Saturday, November 11, 2006

Salutes. Losses. Changes. Hope.

BOULDER CREEK, CA. 1970. My beloved friend, the late Stephen Crawford, finished his Army training and was scheduled to head out to Viet Nam. On his way to San Francisco he visited me in Boulder Creek--at the time a small, artist and hipster community in the Santa Cruz Mountains.

Stephen arrived in uniform. We hugged and kissed, then made fast tracks to the local grocer for beer, burgers and chips. The tiny grocery store was full of locals. Most took one look at my friend in uniform, scowled and harrumphed. Fury grew inside of me. What was wrong with these people? Steve Crawford was the coolest guy I ever knew. He wasn’t a war monger—just victim of circumstance. But this attitude was a signal of a sad change to follow.

Sgt. Crawford survived the war. Civilian Crawford did not. Demons, nightmares, drunks, and motorcycles ended his life much too early.

Today at honor is given to classmates who served. Today I think about all the men and women who volunteer to serve. Today I have more faith that our future veterans will be served properly by our government and respected by society.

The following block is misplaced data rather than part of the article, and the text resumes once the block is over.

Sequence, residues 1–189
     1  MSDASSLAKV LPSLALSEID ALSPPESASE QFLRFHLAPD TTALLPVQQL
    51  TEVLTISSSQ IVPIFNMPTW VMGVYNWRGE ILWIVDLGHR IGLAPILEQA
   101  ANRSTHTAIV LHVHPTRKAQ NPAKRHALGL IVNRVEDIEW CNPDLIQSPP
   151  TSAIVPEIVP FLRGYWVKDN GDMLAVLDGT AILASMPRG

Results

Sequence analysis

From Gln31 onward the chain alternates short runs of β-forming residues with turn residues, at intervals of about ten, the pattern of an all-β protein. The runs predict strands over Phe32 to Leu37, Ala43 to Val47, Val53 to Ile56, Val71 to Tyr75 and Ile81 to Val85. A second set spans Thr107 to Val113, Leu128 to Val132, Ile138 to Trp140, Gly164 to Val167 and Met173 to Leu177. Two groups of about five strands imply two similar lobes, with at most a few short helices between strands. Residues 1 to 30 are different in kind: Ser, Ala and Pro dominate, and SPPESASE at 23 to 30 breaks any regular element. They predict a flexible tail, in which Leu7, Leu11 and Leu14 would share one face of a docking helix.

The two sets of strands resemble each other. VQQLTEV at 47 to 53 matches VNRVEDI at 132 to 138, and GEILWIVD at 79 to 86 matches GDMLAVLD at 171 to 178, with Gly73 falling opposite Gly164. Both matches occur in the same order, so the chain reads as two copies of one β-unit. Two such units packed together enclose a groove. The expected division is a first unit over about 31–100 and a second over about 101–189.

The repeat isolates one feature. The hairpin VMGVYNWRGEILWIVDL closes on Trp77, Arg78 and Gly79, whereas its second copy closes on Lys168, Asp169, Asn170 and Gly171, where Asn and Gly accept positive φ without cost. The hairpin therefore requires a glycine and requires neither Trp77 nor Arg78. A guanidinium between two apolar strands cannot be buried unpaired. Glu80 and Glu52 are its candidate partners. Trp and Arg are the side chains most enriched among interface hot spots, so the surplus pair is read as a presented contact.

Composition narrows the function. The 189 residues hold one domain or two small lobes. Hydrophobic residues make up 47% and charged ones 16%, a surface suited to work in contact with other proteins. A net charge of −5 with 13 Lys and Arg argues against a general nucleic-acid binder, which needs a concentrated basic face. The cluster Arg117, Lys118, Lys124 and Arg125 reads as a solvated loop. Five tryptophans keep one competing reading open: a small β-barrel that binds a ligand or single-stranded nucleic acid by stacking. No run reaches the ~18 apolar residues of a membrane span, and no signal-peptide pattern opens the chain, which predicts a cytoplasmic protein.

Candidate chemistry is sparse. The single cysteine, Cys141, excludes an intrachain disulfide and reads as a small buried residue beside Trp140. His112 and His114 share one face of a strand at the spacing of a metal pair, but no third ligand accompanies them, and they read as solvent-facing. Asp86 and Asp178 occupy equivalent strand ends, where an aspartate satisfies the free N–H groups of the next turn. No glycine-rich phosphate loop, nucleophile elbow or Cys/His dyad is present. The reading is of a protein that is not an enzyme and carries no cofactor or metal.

Last Tuesday we saw a switch from that earlier sad change that eventually trashed a progressive political party and handed power to a far right alternative. Today I pray that America keeps its head on, and that frustration disappears from people like "a submariner’s wife,” who recently wrote: “Did everyone hear that the White House just approved a 2.2% raise across the board for the military. For my husband’s check that will be about 15 cents an hour increase! Whoo hoo!!!! If we put it in a 401K we might get to go to a movie around the time we qualify for the Senior Discount! Thanks Mr. Bush! You really put a lot into the moral of the troops!!”

Patriotism runs deep in my blood. Perhaps, now, compassion will become patriotism's first cousin.

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